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Kicking a Smaller Can . . . .


The public is focused on the unknown of whether we will or will not go over the Fiscal Cliff.  Of course, nobody knows the answer with certainty.

What is known is this:  My taxes are increasing.

What is NOT known is this:  What spending will decrease?

The President has always advocated for a “balanced solution” to the deficit and national debt, which means BOTH tax increases and spending cuts.  There is so much attention paid to the tax increase and precious little attention paid to the spending cuts.

The second biggest mistake we can make is to make further cuts in spending for infrastructure.  It has already been deferred too long and will be a real “job creator.”  The biggest mistake we can make is to ignore the 800-pound gorilla, which is entitlements. This is “non-discretionary spending,” as the total drain on tax revenue is not determined by anybody.  The best known are Medicare, Medicaid, and Social Security.  Depending on how measured, they consume up to 70% of every dollar spent.  In other words, two out of every three dollars spent goes into old, sick and/or poor people.  How much is enough?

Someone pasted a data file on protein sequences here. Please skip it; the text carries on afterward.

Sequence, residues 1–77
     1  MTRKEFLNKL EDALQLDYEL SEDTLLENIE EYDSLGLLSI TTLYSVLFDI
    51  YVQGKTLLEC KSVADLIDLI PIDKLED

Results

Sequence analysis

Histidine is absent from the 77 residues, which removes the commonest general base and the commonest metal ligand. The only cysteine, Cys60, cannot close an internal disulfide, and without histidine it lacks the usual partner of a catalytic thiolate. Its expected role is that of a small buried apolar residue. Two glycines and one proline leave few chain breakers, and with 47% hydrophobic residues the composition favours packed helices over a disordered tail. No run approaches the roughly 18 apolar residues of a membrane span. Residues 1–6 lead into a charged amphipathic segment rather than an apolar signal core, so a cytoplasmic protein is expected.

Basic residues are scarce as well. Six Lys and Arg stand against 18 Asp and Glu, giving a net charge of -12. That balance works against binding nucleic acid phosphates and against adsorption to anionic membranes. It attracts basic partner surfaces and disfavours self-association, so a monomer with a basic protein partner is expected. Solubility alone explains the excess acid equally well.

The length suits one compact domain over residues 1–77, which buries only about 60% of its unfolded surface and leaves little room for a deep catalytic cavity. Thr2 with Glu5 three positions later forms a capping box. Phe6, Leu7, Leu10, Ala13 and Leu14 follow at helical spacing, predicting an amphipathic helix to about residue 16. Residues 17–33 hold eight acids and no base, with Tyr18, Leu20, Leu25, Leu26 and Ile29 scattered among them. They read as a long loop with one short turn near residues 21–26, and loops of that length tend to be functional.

The only “trial balloon” I’ve heard taken seriously is raising the age of Medicare eligibility from age 65 to age 67.  Given that Obama initially supported a “single-payer” system for ObamaCare, I cannot imagine he would be willing to do this.  What I don’t want is another thousand pages of regulations.  (Personally, I would prefer to see public executions of those convicted of Medicare or Medicaid fraud.  However, the greatest waste in our Medicare system is “end-of-life” spending, when heroic efforts are made to save the hopeless.  Unfortunately, “death-panel” is a radio-active four-letter word and is beyond discussion.)

So, how are we going to re-write the 2,500 pages of Internal Revenue Code, containing 5.6 million words as well as all entitlement programs in the next two weeks?  The answer is . . . We’re not!

The best we can hope for is a binding framework to resolve the myriad remaining issues.  For example, we can agree to raise the highest marginal tax rate by 2% now, but that increase expires in six months unless agreement is reached to cut entitlements by 6%.  It would be a step in the right direction, even though it is still “kicking the can down the road.”  At least, it is a smaller can . . . containing only entitlement reform.

The stock market would react somewhat positively to such a deal, as it precludes an immediate recession.  Still, it maintains and continues the massive uncertainty, which means it also postpones real economic recovery . . . but for only six months.

Isn’t it a shame that it takes a crisis to bring about change?  What kind of crisis would it take, for example, to address the horrendous cost of futile end-of-live medical treatments?

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